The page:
By Chris Collier
Culverts aren’t exactly known to be a reason that people get on a river, but that’s exactly what happened on a warm May afternoon in northern Wisconsin.
On a beautiful Northwoods spring day, more than 50 local government, tribal, state, federal and non-profit representatives gathered in Laona, Wisc., to learn about road stream crossings.
Undersized road stream crossing structures create barriers in streams that cut trout off from habitat required to complete their life cycle and seek refuge in cooler headwater streams during the summer months.
The impacts don’t stop at trout though. These same structures can create flooding hazards that threaten infrastructure and communities.
These issues are increasingly pressing in Wisconsin as warming summer water temperatures are forcing trout to seek out cooler streams and increasing rains are causing catastrophic flooding across the region.
During the recent tour, participants visited sites that show common road stream crossing problems — such as undersized culverts and poor stream alignment — to discuss how these problems impact flood resiliency and fish passage. They were then shown crossings that addressed those problems.
This helped attendees visualize strategies to address their flooding concerns because properly designed structures are able to pass increasingly common 100 and 500 year floods. This makes communities safer and saves underfunded municipalities money on road maintenance and disaster relief.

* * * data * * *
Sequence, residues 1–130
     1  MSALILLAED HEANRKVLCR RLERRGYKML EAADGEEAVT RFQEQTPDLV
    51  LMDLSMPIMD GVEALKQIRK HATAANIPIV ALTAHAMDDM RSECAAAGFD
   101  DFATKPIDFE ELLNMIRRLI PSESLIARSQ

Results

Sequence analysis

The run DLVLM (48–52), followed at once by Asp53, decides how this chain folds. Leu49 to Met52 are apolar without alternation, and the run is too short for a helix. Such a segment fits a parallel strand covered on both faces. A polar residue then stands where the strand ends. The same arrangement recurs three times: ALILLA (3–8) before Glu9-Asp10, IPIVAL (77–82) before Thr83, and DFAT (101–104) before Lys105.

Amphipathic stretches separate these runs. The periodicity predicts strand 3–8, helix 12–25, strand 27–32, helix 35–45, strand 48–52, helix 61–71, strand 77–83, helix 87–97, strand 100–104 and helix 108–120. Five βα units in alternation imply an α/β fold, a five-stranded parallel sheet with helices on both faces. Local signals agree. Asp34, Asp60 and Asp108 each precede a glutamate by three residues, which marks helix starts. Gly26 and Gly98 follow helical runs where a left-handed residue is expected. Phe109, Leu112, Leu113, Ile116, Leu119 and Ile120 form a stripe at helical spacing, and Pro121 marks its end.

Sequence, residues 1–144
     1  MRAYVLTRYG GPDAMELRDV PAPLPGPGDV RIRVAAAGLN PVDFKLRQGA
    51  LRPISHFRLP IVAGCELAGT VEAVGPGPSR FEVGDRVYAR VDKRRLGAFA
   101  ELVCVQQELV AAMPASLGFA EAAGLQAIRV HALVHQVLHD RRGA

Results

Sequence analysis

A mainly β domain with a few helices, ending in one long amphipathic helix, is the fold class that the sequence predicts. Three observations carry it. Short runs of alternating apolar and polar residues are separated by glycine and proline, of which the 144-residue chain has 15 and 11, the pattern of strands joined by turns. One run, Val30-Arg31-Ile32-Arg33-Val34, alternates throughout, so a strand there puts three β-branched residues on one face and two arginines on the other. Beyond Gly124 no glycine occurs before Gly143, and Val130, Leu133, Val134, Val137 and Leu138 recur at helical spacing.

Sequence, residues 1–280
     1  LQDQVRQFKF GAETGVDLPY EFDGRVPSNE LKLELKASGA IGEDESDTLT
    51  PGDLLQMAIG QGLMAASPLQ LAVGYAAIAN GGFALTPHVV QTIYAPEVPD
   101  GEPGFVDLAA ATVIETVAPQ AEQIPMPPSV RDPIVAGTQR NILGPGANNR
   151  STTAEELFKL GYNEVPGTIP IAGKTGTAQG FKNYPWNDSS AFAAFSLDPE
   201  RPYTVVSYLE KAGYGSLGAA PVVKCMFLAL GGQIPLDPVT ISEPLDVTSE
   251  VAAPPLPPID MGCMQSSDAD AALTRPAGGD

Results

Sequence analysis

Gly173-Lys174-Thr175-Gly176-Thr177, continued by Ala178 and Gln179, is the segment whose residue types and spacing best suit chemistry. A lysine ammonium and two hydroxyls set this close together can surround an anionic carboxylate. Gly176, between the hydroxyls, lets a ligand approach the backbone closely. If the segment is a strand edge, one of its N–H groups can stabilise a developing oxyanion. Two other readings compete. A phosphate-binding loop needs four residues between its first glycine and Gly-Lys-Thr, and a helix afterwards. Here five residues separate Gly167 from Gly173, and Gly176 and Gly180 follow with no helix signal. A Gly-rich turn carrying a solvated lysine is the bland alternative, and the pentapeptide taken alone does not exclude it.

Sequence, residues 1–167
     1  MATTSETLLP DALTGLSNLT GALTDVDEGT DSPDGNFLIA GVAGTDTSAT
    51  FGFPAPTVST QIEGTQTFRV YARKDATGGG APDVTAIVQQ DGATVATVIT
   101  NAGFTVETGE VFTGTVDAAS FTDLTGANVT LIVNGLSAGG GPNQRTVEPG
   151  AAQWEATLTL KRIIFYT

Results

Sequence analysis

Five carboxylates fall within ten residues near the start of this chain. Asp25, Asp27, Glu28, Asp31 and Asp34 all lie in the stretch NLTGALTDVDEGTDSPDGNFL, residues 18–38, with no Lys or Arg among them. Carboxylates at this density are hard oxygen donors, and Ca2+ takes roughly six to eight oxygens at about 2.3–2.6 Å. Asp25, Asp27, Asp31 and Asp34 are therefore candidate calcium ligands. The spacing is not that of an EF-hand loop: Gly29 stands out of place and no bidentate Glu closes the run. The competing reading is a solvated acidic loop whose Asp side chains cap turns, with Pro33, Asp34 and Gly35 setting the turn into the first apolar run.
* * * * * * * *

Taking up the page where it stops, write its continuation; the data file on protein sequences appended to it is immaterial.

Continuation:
Floodwater management is often road managers’ primary motive for installing new road stream crossing designs. As a bonus for trout enthusiasts, flood-resilient designs also promote improved fish passage.
This is because these designs mimic natural stream conditions to pass high flows, and these natural stream conditions are exactly what trout need to move up and down a watershed.
When these crossing designs are adopted, resident trout species will be able to access parts of streams previously sealed off to them. This means trout can access prime spawning habitat and reach cooler headwater streams when the warmer, main-stem streams get dangerously hot.
It’s a great win-win scenario.
Communities get safer crossings, save money, and get better fishing/recreation conditions all while native trout populations can proliferate and repopulate historical ranges.
Trout Unlimited owes a huge thank you to the Wisconsin DNR, Wisconsin Department of Agriculture, Trade and Consumer Projects, the US Forest Service, Forest County Land Conservation, and our other partners that helped organize this tour.
Our next step is to lead a workshop for road managers and contractors to go over the details behind designing and installing these crossing designs, and to help municipalities evaluate and prioritize projects. That event is coming fall 2019.
Chris Collier is Trout Unlimited’s Great Lakes Stream Restoration Manager in Wisconsin. Please reach out to him learn more about TU’s road stream crossing work.